“Almac is committed to the development of personalised medicine through the delivery of a wide range of innovative solutions. We are pleased to announce the expansion of our NGS service to include TruSight Tumor™” said Professor Paul Harkin, President and Managing Director of Almac’s Diagnostic business unit.

Source: Almac

Mayo Clinic Study: Blood Biomarker Could Mark Severe Cognitive Decline, Quicker Progression Among Parkinson’s Patients

A genetic mutation, known as GBA, that leads to early onset of Parkinson’s disease and severe cognitive impairment (in about 4 to 7 percent of all patients with the disease) also alters how specific lipids, ceramides and glucosylceramides are metabolized. Mayo Clinic researchers have found that Parkinson’s patients who do not carry the genetic mutation also have higher levels of these lipids in the blood. Further, those who had Parkinson’s and high blood levels were also more likely to have cognitive impairment and dementia. The research was recently published online in the journal PLOS ONE.

The discovery could be an important warning for those with Parkinson’s disease. Parkinson’s is the second most common neurodegenerative disease after Alzheimer’s disease. There is no biomarker to tell who is going to develop the disease — and who is going to develop cognitive impairment after developing Parkinson’s, says Michelle Mielke, Ph.D., a Mayo Clinic researcher and first author of the study.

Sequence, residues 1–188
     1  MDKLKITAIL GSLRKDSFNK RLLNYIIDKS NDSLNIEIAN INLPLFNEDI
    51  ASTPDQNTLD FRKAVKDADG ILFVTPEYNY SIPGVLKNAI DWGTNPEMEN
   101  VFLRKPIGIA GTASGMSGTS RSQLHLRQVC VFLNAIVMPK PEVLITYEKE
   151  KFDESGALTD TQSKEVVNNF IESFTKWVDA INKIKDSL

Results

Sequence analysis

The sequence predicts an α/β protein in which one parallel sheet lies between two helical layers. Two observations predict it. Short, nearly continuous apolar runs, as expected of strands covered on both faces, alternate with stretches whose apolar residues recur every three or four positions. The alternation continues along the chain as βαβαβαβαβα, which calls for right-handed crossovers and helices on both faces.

Cognitive impairment is a frequent symptom in Parkinson’s disease and can be even more debilitating for patients and their caregivers than the characteristic motor symptoms. The early identification of Parkinson’s patients at greatest risk of developing dementia is important for preventing or delaying the onset and progression of cognitive symptoms. Changing these blood lipids could be a way to stop the progression of the disease, says Dr. Mielke.

There is a suggestion this blood lipid marker also could help to predict who will develop Parkinson’s disease and this research is ongoing.

“There is currently no cure for Parkinson’s, but the earlier we catch it — the better chance we have to fight it,” says Dr. Mielke. “It’s particularly important we find a biomarker and identify it in the preclinical phase of the disease, before the onset even begins.”

Dr. Mielke’s lab is researching blood-based biomarkers for Parkinson’s disease because blood tests are less invasive and cheaper than a brain scan or spinal tap — other tools used to research the disease.

This work was supported by grants from the National Institute on Aging (U01 AG37526) and from George P. Mitchell and the late Cynthia W. Mitchell. The DEMPARK study was being funded by an unrestricted grant from Novartis and a grant from the International Parkinson Fonds (Deutschland) gGmbH (IPD). The continuation of the study (LANDSCAPE) is part of the Competence Network Degenerative Dementias (KNDD), which is funded by the German Federal Ministry of Education and Research (project number 01GI1008C)).

Study: Plasma Ceramide and Glucosylceramide Metabolism Is Altered in Sporadic Parkinson’s Disease and Associated with Cognitive Impairment: A Pilot Study [PLOS ONE]

Source: Mayo Clinic